Watching Wales is steadily becoming a labour of love for their supporters but at least the end result is proving worth the wait.
They kept themselves in the title race for the Six Nations with another unspectacular but ruthlessly efficient display on the road in Rome.
Amid conditions that, at times, resembled a monsoon rather than southern Italy, Wales kept a second-successive clean sheet while showing a clinical edge with tries from Jonathan Davies and Alex Cuthbert.
After the defensive heroics in Paris, and their Grand Slam last year, it was enough to claim a fourth-successive away win in the Championship for the first time since 1979.
There was little of that Seventies flair, although even that side would surely have admired another display built on the sheer will to win at whatever cost.
It was fitting that such a limited game should have swung the visitors’ way during a calamitous five minutes at the start of the second half, when Italy fumbled a clear scoring chance before Wales pounced, and was ultimately decided following a penalty at the scrum when they grabbed a second try while Italy’s captain Martin Castrogiovanni watched from the sin bin.
It is hard to recall the last time that Rome has hosted a Six Nations game in such a downpour, although the Azzurri would have welcomed the conditions given their depenency upon the set piece.
Certainly it did not help hooker Richard Hibbard, off target with his first two lineouts, and despite possessing the heftier pack, Wales’ problems at the scrums in the opening two games resurfaced.
Formerly a platform of reliability and strength from which the likes of Jamie Roberts could thrive, the Welsh front-row has too often creaked in this tournament.
Adam Jones was penalised four times at the set piece in Paris, and while Wales were unhappy with the way they were handled against Ireland by referee Romain Poite, the French official singled out Gethin Jenkins in the game’s first scrum here. It was to prove the story of the half.
To Wales’ frustration, Burton’s penalty not only cancelled out Halfpenny’s earlier effort, but galvanised the raucous home support, having been silenced by the visitor’s promising start.
Jones, Hibbard and Jenkins exacted their revenge with a series of devastating drives that twice enabled Halfpenny to kick Wales further ahead, to lead 9-3 on 20 minutes, though the lottery of the scrum allowed Burton to close the gap before half-time.
Given the handling skills, or lack of them, in the often torrential rain, it appeared the only way either side were going to score.
Alex Cuthbert’s fumble handed Italy an attacking position, only for them to knock-on before Burton sliced his attempt to drop a goal.
Wales fared little better and Halfpenny pushed his effort wide before half-time and then almost gifted Italy a try just after the restart.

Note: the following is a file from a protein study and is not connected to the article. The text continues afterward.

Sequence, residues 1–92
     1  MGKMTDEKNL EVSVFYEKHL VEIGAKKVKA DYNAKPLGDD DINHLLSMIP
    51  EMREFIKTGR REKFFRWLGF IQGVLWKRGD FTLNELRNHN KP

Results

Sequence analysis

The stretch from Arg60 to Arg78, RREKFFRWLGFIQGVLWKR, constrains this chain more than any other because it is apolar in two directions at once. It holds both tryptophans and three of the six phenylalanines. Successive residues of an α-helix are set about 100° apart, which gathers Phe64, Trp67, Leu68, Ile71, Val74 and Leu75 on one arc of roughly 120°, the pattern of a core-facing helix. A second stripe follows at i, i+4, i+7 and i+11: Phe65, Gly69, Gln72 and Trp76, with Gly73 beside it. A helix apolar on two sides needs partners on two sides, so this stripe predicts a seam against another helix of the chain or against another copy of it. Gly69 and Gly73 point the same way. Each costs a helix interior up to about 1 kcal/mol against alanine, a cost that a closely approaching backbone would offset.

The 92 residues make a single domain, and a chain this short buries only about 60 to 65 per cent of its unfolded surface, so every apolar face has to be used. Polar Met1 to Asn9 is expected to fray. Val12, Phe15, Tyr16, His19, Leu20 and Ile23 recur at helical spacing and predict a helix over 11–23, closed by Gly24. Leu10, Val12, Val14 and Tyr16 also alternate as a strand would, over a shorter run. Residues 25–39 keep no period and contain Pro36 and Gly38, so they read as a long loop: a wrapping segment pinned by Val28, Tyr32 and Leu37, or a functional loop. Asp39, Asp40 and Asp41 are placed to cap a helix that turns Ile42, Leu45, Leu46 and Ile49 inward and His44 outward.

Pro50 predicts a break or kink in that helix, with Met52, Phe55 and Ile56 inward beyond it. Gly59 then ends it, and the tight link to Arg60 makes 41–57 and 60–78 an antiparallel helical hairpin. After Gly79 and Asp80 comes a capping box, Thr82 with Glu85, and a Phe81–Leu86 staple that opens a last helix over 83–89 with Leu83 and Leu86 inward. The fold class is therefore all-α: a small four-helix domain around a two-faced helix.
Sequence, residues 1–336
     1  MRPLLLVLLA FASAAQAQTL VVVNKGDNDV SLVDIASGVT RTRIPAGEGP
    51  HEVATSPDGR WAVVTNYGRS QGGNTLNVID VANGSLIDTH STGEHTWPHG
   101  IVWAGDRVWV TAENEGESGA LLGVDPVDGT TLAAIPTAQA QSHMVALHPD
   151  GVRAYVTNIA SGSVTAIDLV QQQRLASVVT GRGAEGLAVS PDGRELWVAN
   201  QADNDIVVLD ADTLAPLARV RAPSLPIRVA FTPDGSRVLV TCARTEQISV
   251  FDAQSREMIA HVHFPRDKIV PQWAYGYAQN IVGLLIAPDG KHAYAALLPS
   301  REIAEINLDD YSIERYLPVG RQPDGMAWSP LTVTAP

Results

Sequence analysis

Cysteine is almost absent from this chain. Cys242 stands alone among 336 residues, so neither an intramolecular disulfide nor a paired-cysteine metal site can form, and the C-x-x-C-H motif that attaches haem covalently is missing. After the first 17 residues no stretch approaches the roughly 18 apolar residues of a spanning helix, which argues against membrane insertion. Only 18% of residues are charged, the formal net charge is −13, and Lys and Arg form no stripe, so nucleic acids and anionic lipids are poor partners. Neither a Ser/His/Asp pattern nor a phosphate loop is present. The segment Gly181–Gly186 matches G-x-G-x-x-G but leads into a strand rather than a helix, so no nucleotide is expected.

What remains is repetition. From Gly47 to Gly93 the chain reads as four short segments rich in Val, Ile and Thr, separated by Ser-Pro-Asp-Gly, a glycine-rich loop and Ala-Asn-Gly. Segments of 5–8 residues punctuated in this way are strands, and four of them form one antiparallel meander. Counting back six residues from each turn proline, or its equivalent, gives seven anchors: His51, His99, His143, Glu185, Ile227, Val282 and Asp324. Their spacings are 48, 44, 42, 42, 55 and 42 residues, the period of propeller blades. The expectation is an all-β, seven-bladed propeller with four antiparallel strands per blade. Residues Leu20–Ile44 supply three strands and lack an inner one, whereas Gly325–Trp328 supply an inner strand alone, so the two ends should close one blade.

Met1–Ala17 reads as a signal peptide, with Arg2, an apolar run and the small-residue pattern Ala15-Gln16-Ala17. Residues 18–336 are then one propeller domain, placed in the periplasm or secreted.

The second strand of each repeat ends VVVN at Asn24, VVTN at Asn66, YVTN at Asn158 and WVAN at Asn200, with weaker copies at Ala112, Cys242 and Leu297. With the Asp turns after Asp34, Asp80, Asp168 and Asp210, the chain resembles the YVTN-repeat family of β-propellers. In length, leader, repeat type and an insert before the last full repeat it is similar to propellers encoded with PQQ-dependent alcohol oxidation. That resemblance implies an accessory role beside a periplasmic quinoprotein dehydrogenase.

Mike Phillips fumbled Burton’s chip over the Welsh rush defence, Italy got a boot to the ball ahead of Halfpenny but Tommaso Benvenuti failed to collect, with the line at his mercy, under pressure from Dan Biggar. Burton then sliced another drop goal from in front of the posts.
Wales wasted no time in making Italy pay, though they benefited from yet more shambolic defending.
Biggar hoisted a speculative kick but had the tenacity to chase and even regain possession. Phillips capitalised on clear space behind with a clever chip and with Edoardo Gori and Burton looking to each other to sweep up, Davies was left with time to safely collect and touch down with his first touch of the ball.
Burton clawed back a third penalty after Halfpenny had converted, but momentum inextricably swung Wales’ way when Poite ran out of patience and brandished a yellow card for Castrogiovanni after yet another scrum went to ground.
Again Wales capitalised on the chance, kicking upfield from where Biggar out-foxed the Italian defence with one well-aimed pass that found Cuthbert’s run. Italy could not lay a hand upon the wing once he was clear and he darted into the corner for the seventh try of his still-blooming Test career.
Halfpenny guided his conversion through the uprights from out wide and Wales were too smart, and Italy too limited, to make the final 19 minutes nothing less than a formality.
Italy captain Martin Castrogiovanni had no complaints after seeing his side suffer a second successive comprehensive Six Nations reversal.
He said: “We conceded nine points from scrums, which is my problem as well as the team’s. I need to work on that.
“The referee is always right. If we had done what we were told and also managed our kicking better, maybe the referee wouldn’t have mattered so much.”
Italy: A Masi, G Venditti, T Benvenuti, G Canale (G Garcia, 64), L McLean, K Burton, E Gori (T Botes, 65); A Lo Cicero (A De Marchi, 55), L Ghiraldini (D Giazzon, 55), M Castrogiovanni, A Pavanello, F Minto (Q Geldenhuys, 55), A Zanni (P Derbyshire, 70), S Favaro, R Vosawei (L Cittadini, 65-69).
Wales: L Halfpenny, A Cuthbert, J Davies, J Roberts (S Williams, 70), G North, D Biggar (J Hook, 69), M Phillips (L Williams, 64); G Jenkins (P James, 46), R Hibbard (K Owens, 52), A Jones (C Mitchell, 74), A Coombs (A Jones, 52), I Evans, R Jones (S Warburton, 69), J Tipuric, T Faletau. Referee: R Poite (France)Reuse content